Drawing on the testimony of the CIA-surrogate-funded group, The New York Times depicts Beijing’s vigorous poverty reduction program as an effort to “remold Xinjiang’s minorities into loyal blue-collar workers to supply Chinese factories with cheap labor,” as part of a program of “ethnic subjugation”. 
If the negative spin isn’t enough to raise questions about The New York Times’ agenda, the newspaper’s reference to Beijing’s efforts to deal with Islamist-inspired secessionist violence as a “crackdown on Muslims”  is. If the campaign could indeed be described fairly in these terms, we would have to redefine ‘crackdown’ to mean ‘education and job creation’ and ‘Muslims’ to mean ‘violent Islamist-inspired secessionists.’ The New York Times would never describe the US ‘war on terror’ as ‘a crackdown on Muslims,’ for the obvious reason that it doesn’t target all Muslims, but only a very small violent, anti-US, subset. The newspaper, however, finds itself unable to make the same distinction where a strategic US competitor is concerned, preferring instead to portray measures of repression against a small, Islamist-inspired violent subset of Chinese Muslims as measures directed at all of them.
In July, “a host of Muslim-majority nations, including Saudi Arabia, Iran, Egypt, Syria and the United Arab Emirates, joined North Korea, Myanmar and others in signing a letter to the United Nations Human Rights Council praising China’s governance of Xinjiang” —an indication that Beijing’s campaign to address secessionist violence in the remote Chinese region is not the Orwellian stain on humanity that US Secretary of State Mike Pompeo would have us believe. A better candidate for ‘gross human rights violation’ – another of Pompeo’s slurs on the Chinese job training program—might be the State Department supremo’s warning that the United States will see to it that the Iranian people–a Muslim-majority people–starve if Tehran continues to refuse to renegotiate its nuclear deal with Washington.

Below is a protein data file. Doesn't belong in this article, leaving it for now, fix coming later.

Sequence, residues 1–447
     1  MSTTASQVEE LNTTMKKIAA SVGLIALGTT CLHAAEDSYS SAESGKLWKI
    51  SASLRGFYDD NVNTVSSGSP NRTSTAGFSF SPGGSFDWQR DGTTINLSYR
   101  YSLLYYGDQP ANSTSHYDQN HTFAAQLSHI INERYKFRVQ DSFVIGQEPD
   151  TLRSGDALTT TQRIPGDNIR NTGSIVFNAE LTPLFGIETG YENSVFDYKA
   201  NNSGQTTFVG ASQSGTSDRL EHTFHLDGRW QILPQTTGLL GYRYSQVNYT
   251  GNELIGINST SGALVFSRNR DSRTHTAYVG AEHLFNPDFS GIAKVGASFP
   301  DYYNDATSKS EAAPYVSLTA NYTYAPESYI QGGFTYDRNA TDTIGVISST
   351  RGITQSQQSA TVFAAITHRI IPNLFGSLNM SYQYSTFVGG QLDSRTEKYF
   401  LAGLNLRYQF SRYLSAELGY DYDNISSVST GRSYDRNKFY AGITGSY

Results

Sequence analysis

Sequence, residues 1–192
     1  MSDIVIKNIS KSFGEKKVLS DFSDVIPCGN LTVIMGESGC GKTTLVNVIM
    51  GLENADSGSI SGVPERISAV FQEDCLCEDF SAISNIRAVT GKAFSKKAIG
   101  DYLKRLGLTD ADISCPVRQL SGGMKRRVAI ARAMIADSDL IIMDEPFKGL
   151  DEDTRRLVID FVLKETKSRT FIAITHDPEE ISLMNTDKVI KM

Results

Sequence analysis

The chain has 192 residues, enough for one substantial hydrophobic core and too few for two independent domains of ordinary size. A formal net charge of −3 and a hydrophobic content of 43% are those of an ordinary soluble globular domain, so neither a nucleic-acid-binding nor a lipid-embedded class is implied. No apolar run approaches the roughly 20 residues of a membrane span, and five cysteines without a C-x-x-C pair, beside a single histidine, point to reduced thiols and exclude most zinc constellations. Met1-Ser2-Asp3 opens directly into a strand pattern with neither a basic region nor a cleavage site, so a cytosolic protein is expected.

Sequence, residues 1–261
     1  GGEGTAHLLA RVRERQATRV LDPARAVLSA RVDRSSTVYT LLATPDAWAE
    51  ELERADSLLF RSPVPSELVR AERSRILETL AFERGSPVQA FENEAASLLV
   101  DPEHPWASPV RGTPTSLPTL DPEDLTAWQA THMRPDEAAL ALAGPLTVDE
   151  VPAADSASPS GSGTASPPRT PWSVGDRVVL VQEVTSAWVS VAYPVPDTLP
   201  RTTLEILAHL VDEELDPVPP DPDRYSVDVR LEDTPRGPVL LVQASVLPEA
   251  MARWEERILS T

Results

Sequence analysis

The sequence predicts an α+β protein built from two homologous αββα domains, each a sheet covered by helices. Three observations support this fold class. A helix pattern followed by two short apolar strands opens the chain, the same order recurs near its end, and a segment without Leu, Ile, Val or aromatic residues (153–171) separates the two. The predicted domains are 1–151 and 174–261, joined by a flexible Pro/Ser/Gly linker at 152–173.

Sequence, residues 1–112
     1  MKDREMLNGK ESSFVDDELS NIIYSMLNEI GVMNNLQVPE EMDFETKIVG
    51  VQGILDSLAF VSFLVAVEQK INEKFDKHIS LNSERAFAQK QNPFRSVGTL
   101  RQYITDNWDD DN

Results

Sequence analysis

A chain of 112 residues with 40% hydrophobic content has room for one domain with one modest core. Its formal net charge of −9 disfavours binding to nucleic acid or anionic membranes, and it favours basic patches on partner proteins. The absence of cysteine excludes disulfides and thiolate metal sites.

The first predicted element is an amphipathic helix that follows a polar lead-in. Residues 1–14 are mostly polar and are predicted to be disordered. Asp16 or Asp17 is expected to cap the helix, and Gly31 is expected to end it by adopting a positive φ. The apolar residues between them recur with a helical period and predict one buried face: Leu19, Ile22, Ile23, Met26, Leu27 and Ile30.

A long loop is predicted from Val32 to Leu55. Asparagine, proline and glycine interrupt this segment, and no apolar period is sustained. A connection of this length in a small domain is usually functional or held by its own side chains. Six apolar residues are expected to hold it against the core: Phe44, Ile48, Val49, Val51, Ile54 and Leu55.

In a resolution on protecting the rights of Muslim minorities around the world, the Organization of Islamic Cooperation — a group of 57 nations that has been a vocal defender of the Rohingyas and Palestinians, praised China for “providing care to its Muslim citizens” —another endorsement at odds with the US campaign to smear its rising strategic competitor as an anti-Muslim power.
Meanwhile, as Washington poses as the champion of China’s Muslims, it has little to say about the litany of abuses heaped upon India’s Muslims by its friend, the Hindu-nationalist prime minister, Narendra Modi. Any unbiased effort to identify crackdowns on Muslims would arrive at India’s doorstep long before it arrived at China’s. In the recent past, Modi—on whom Washington relies to execute its Indo-Pacific Strategy to eclipse the rise of China as a strategic competitor—has been responsible for banning a method of divorce allowed under Muslim religious law and ending the autonomy of India’s only Muslim-majority state, Jammu and Kashmir. To add insult to injury, Modi welcomed a Supreme Court decision that would allow Hindu groups to build a temple in the city of Ayodhya on a site where Muslims want to rebuild a mosque torn down by a Hindu mob in 1992. 
On top of these anti-Muslim actions, senior leaders of Modi’s party say they want to introduce a citizen registry that would require all residents to produce documents proving their citizenry. Muslims who are unable to produce the required documents would be treated as immigrants, while all others would be able to naturalize.  According to The Wall Street Journal, “Muslims in India say they feel increasingly targeted and vulnerable.”